Future of NYC Broadcast TV Moving to 1 WTC
Panels are hoisted toward installation in one of three broadcast arrays above the new 1 WTC.
Local New York City TV stations expect the new central TV broadcast antenna spire crowning 1 WTC to be the pinnacle of a dynamic future.
When the original One World Trade Center TV antenna was installed in 1978, it became home for most full-power New York City TV station transmitters and reminded so until 9/11/2001. From the first moments following that infamous event, those stations who lost their WTC transmitters focused on getting back on the air.
When stations returned to air one by one, the locations of transmitters and broadcast antennas were scattered about the local market. There was a hunger for a new World Trade Center topped by a new central TV broadcast antenna system. Shared antenna discussions were already underway when the new 1 WTC (Freedom Tower) foundation cement was being poured in 2006.
After years of discussion and planning among a number of organizations, The Durst Organization (TDO) partnered with the Port Authority of New York and New Jersey in 2010 to lease the rights to manage the 1 WTC spire and roof for broadcast and telecommunications purposes. TDO is one of the oldest family-run commercial and residential real estate companies in New York City.
Within months after 9/11, engineer John Lyons was hired by TDO to manage a rooftop antenna rebuilding project at 4 Times Square (4TS), a TDO-owned 809-foot skyscraper, the 12th tallest in NYC. The project involved replacing a 132’ FM tower with a 385’ tower built specifically for primary or backup for all NYC TV and FM stations.
A new tower was installed in October 2003, and three weeks later WABC was broadcasting from it. The tower was reworked in 2015 with the dismantling of the WFUT antenna and the placing of the WJLP antenna atop the working antenna tower. The tower is now 416’ tall.
Planning for Freedom Tower
By 2015, 1 WTC was completed and, as Director of Broadcast Communications at TDO, engineer John Lyons was ready to explore the uncharted territory atop New York's now tallest skyscraper. The building has a height of 1776’, about 400’ higher than the original World Trade Center. The radio horizon at 1776’ is 60 miles. Lyons and his group first needed to design a VHF and UHF antenna test for such real world conditions.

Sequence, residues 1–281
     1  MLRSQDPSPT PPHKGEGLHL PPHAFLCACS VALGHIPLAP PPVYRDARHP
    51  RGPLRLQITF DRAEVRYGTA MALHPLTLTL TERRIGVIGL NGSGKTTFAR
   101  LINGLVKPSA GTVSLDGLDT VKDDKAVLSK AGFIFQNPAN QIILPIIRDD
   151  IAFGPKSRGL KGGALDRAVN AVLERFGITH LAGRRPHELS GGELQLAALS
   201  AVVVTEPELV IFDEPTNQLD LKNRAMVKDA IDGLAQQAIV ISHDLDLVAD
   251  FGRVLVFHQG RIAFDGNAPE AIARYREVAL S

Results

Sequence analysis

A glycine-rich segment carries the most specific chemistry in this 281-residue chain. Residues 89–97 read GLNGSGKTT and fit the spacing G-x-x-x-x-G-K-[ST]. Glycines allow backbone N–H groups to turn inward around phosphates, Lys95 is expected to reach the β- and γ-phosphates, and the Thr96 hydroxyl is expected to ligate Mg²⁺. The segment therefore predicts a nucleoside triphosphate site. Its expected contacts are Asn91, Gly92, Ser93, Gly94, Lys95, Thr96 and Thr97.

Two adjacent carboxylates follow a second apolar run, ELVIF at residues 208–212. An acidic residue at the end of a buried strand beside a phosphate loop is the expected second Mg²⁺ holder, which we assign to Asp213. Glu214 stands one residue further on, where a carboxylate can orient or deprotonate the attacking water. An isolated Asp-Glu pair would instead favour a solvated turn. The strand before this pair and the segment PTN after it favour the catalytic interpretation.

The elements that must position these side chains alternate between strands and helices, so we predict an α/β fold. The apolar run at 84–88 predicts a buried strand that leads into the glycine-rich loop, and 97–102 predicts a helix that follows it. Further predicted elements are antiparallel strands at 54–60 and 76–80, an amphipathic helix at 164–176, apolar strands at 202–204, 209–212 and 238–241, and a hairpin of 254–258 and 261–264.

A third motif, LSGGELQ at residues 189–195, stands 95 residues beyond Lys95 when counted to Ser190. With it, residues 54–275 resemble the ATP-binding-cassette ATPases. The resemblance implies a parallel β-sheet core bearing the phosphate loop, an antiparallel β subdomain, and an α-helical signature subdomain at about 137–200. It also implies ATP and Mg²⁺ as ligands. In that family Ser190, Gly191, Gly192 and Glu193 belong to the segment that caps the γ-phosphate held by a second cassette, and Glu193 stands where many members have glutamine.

A test antenna contract was awarded to New Jersey’s Myat, and a test antenna was built for the project by Radio Frequency Systems (RFS). In spring 2015, the antenna was installed and TV signal measurements were taken at 200 test points as the broadcast antenna was horizontally swiveled + 15 degrees to confirm the radiation pattern and null fill. Tests also verified that a 1 degree beam tilt would provide optimum coverage within licensed contours.
Scientific testing verified that critical contour patterns could be sustained, and by the end of the year four TV stations had signed license agreements for the new 1 WTC location.
Many factors were included in the 1 WTC antenna design and transmission line selection. TDO wanted a minimum capacity for 4 VHF and 10 UHF channels. Stations wanted an optimum signal pattern that goes “down and out”. In other words, an omnidirectional horizontal radiation pattern with robust coverage below for over-the-air viewers in Manhattan.
“We are feeding 13.8kV to the broadcast floor and converting to 480V at that location. This allowed for a better more compact highly efficient system, less lossy than running 480Vac up the building,” said John Lyons.
RFS technicians and John Lyons (center) inspect transmission line in the RFS factory.
Future technology was factored into the 1 WTC antenna design. All hardware had to be ATSC 3.0 ready. This meant the antenna systems needed the ability to operate on both existing and post-repack channels. TDO also wanted the option for stations to add vertical polarization to their signal, and the ability for stations to independently change their polarization ratios with minimum interruption.
For the best-possible close-in coverage combined with good power handling capacity, the UHF antennas have a vertical aperture of 16 wavelengths. Aperture illumination was designed to produce optimum beam tilt while meeting unique null-fill requirements.
Permanent RFS antennas for the 1 WTC spire were ordered through Myat. All are multi-panel arrays. One is a 40-panel PEP-40 UHF antenna, using 5 panels around x 8 high. The second antenna is a 16-panel 662-16D CP VHF, with 4 panels around x 4 high. A third UHF antenna is a PEP-96 UHF totaling 96-panels, with 12 panels around x 8 high. Both UHF antennas use the same type of panel.
When joined together in an array, the curve of the panel casings form a smooth round wind load.
The PEP-96 antenna arrived on-site two months after the PEP-40 and the 662-16D antennas were delivered. The UHF combiners were also manufactured and tested in December 2016 and February 2017 and then delivered.
The PEP-40 antenna is set just under the beacon section of the spire with the 662-16D under it, and the PEP-96 in the next section down from the top, as shown in Figure 1.